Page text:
Once you’ve successfully set up the vision and strategy behind your project, your attention can shift onto working through the challenges that arise and bridging any communication gaps that emerge.
Your focus as a leader should be on promoting learning and providing the constructive feedback needed to help your team turn mistakes into lessons learned.
When faced with a hurdle, consider additional training where skills are insufficient, and stay committed even if the project isn’t going at the pace you expected.
Leadership tip: It’s also important to practice self-awareness and identify whether any research challenges could be down to your leadership style. If you don’t find your leadership style to be driving your team’s motivation, be prepared to change up your approach. Research shows you can do this by asking ‘what’ you can do to change, rather than focusing too much on ‘why’ your approach wasn’t successful.
Step 3 – Sustain performance
Now your project has overcome its growing pains, it’s likely that productivity has increased and that you’re looking for ways to keep that momentum going.
Emphasising project ownership and accountability is integral at this stage and can help sustain motivation and commitment to the research. As the research continues, it’s important to leverage communication channels, and keep conversations and ideas flowing – doing so, will better enable problem solving if further issues do arise.
Your responsibilities will largely shift at this point to monitoring:
- Time – the time it takes to complete projects, as well as the time the team are spending in the lab.
- Money – how finances are progressing, and whether further resourcing may be required.
- Quality of work – the quality of work should take a greater focus over the quantity of work, although both are important.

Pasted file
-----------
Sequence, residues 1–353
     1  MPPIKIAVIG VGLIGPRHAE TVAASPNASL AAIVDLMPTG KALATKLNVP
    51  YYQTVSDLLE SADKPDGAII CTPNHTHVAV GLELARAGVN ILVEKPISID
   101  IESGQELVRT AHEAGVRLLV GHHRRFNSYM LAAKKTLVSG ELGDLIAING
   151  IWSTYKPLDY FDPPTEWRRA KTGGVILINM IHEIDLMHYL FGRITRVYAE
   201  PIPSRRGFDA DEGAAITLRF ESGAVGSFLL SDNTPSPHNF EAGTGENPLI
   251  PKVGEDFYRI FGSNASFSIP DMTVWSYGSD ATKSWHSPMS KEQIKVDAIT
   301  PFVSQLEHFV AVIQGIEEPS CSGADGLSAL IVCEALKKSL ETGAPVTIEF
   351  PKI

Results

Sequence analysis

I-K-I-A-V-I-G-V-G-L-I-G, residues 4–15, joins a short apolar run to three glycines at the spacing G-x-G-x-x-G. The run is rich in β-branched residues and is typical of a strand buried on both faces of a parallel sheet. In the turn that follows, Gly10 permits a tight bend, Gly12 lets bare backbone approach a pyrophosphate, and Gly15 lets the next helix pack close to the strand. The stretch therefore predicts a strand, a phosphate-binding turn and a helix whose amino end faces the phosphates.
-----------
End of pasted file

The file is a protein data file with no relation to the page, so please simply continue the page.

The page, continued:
- Work-life balance – refer back to the vision for the project; is the same work-life balance being maintained?
- Burnout – monitor employee wellbeing and try to identify signs of employee burnout early.
Leadership tip: To maintain productivity, it’s important to move away from a competitive culture. 78% of researchers think that high levels of competition in the laboratory have created unkind, and aggressive conditions. Celebrate achievements and consider how you can help encourage team growth and development rather than focusing on a competitive environment.
Step 4 - Prepare for wrap-up
As the project draws to a close, your role as a leader should shift on to developing your team member’s career beyond the project.
You can refer back to your project vision, as well as actively communicate with your wider team to ensure that every member is accessing the opportunities that they need to transition to their next research project and role.
You could organise a final event for the team to celebrate personal achievements alongside overall team achievements to close the project in a positive way.
Leadership tip: Establishing a successful offboarding process as a leader is crucial to maintaining a strong network with wider research teams, even after project completion.
Key skills Research Managers require to achieve laboratory success are:
- Time management
Looking for resource support?
At Synergy, we provide specialist teams that boost laboratory capability, potential and efficiency from within. (www.srgtalent.com/clients/our-services/synergy-scientific-solutions)
Our links with SRG’s expansive talent networks mean we can source, manage and develop teams on behalf of our clients across the clinical and biotech industries.
Want to learn more? Get in touch with our team at: email@example.com